Every industry has its own language and terms. These words and phrases can be confusing to anyone who is not part of the daily operations of a specific industry, and the business valuation sector is no exception.

To help you understand the terms and phrases regularly used when working with business valuators, Rosehood Global Financial Inc.  has created this handy reference guide. Here you’ll find valuable information allowing you to comprehend and communicate your operational and financial needs effectively.

Fair market value
For our purposes, fair market value is defined as the highest price available in an open and unrestricted market between informed, prudent parties acting at arm’s length and under no compulsion to act, expressed in terms of money or money’s worth, represented by Canadian dollars.

It is important to note that while fair market value anticipates the “highest price,” an intrinsic value is generally calculated unless there is evidence available regarding the existence of special purchasers who will pay some amount in excess of intrinsic value. Intrinsic values are notional values based upon rates of return required by a potential purchaser, given economic and business conditions existing at the Valuation Date, without considering possible synergistic benefits or economies of scale that might accrue in differing degrees to arm’s length purchasers.

Tangible asset backing
Tangible asset backing is an amount equal to the aggregate value of all tangible and identifiable intangible assets, where the latter have values that can be separately determined, and where the value of both tangible and identifiable intangible assets has been determined under a going concern assumption (i.e., on the basis of ‘value in use’ as one component of going concern value, as opposed to market value or ‘value in exchange’ for those same assets sold on a piecemeal basis for alternate use), minus all liabilities.

Redundant assets
Redundant assets are assets, which are excess to (and therefore, do not influence) the going concern value of the operating assets of a business. These assets can be withdrawn by a vendor before closing a sale transaction or by a purchaser after closing, without negatively impacting the value of the entity’s business operations.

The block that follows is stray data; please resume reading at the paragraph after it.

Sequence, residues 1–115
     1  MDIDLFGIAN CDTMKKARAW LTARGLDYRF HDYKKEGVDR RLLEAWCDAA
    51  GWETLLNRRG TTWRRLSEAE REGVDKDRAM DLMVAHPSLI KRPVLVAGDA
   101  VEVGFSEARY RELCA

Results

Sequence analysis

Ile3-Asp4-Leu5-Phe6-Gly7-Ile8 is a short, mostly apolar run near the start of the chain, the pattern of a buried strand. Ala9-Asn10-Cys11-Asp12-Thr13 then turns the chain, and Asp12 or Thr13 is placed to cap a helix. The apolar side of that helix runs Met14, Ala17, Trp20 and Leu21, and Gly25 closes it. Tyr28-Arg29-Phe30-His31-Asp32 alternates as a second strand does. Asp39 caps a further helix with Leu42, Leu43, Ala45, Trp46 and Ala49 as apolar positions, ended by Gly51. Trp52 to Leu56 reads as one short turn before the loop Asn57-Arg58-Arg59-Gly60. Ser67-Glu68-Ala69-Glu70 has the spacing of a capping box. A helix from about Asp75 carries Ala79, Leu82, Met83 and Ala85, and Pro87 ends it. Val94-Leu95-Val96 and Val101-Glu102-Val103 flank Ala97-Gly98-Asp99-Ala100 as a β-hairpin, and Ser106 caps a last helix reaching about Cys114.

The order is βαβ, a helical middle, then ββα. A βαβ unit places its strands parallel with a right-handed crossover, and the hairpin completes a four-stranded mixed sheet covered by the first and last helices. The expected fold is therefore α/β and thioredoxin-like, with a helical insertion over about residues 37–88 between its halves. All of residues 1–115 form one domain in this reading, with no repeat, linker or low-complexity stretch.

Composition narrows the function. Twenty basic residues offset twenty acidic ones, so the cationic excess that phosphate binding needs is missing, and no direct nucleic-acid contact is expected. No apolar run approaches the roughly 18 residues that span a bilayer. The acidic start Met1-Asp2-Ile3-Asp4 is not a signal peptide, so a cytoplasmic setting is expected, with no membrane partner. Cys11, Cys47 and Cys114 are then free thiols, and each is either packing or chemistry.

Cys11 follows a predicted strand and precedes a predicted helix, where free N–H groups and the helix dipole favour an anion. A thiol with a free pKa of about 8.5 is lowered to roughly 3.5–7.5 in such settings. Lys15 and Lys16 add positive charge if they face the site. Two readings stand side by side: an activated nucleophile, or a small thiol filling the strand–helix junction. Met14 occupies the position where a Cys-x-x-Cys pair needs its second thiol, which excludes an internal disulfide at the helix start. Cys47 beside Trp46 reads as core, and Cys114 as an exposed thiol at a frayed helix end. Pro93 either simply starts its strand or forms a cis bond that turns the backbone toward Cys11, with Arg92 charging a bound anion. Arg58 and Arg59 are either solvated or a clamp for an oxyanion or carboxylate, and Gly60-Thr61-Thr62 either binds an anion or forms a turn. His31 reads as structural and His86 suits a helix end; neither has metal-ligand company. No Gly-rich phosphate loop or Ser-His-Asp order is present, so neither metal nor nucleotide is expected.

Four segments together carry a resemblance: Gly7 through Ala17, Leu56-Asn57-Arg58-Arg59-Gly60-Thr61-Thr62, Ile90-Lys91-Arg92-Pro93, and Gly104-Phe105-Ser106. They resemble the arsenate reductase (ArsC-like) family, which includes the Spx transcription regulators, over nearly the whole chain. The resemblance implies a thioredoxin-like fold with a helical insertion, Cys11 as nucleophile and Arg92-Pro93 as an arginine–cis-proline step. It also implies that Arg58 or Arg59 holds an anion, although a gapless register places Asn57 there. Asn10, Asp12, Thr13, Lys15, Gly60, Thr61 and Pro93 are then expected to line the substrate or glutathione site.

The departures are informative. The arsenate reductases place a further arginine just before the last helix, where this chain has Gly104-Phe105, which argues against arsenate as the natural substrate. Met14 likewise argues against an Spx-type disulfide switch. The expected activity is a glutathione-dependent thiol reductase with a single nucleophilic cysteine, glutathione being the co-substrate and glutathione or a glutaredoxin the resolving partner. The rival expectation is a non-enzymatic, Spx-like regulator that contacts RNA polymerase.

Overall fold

Enterprise value
The enterprise value is the total value of a business, including both its structural debt and equity components.

Valuation is the act or process of determining the value of a business, business ownership interest, security, or intangible asset.

Asset method
The asset (asset-based) method or approach is used to determine the value of shares either where:

a. Asset values constitute the prime determinant of corporate worth, depending on the nature of the operations (for example, a real estate holding company or an investment holding company); or

b. Liquidation is contemplated because the business is not viable as an ongoing operation

Adjusted book value
Adjusted book value or adjusted shareholders’ equity is the equity that results when goodwill is eliminated from an unadjusted balance sheet, and all other assets are restated to fair market value. Each asset and liability is adjusted to its current or fair market value at the Valuation Date, on a going concern basis (as opposed to realizable liquidation values). An appropriate amount for income taxes arising as a result of the above adjustments may be deducted, depending on the circumstances.

Liquidation value
Liquidation value is the net amount of money, if any, available to equity owners following a voluntary, orderly liquidation or a forced sale. Under this scenario, a going concern is not assumed.

Earnings method
The earnings method is used where the business (shares or assets) being valued is earning a fair return on its capital employed, and the hypothetical purchaser wishes to acquire the future indicated earnings generated by the enterprise. That is, the earnings value of a going concern is based upon the yield to an investor, at the desired rate of return on his investment, having regard to several factors.

Market approach
The market approach to valuation is a general way of determining a value indication of a business (assets or shares) using one or more methods that compare the subject to similar businesses, business ownership interests, and securities that have been sold. Examples of methods applied under this approach include:

a. The guideline company/asset method and

b. Analyses of prior transactions in the ownership of the relevant company

If you’re looking for business valuators in Toronto, ON, reach out to the experts at Rosehood Global Financial Inc. . We offer our services across Guelph, Peterborough, Barrie, Port Perry, Hamilton, Kitchener, Toronto, Ajax, Oshawa, Burlington, Milton, Oakville, Brampton, Mississauga, Markham, Newmarket, Vaughan, GTA, Canada, Los Angeles, New York, Orlando, Miami, Chicago, Las Vegas, Jeddah, Riyadh, Dubai, and Abu Dhabi. Our key areas of expertise include finding innovative ways to increase business value for clients, problem-solving, and reducing costs. Our professionals are functional experts in the field of business valuations. They have been engaged to provide valuation services in many industry sectors over the course of their careers and can certainly help your business flourish.

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